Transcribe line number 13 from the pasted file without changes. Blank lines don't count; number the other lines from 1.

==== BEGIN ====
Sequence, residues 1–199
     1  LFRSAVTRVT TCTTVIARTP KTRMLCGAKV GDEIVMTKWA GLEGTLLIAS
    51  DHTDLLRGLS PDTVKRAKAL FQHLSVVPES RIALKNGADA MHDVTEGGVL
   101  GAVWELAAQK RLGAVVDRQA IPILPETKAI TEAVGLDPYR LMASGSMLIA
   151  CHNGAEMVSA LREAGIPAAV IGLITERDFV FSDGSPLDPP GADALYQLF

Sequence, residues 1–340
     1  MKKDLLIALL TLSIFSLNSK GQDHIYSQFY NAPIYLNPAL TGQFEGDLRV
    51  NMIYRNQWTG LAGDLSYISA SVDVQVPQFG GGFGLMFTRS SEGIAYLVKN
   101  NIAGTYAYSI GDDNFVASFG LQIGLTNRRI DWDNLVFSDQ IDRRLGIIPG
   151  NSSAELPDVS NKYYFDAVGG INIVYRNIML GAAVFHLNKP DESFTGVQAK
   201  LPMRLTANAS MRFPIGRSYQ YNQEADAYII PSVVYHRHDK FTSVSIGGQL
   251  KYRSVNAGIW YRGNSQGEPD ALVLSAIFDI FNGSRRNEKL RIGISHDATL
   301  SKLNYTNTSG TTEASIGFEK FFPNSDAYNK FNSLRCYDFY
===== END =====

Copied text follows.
   301  SKLNYTNTSG TTEASIGFEK FFPNSDAYNK FNSLRCYDFY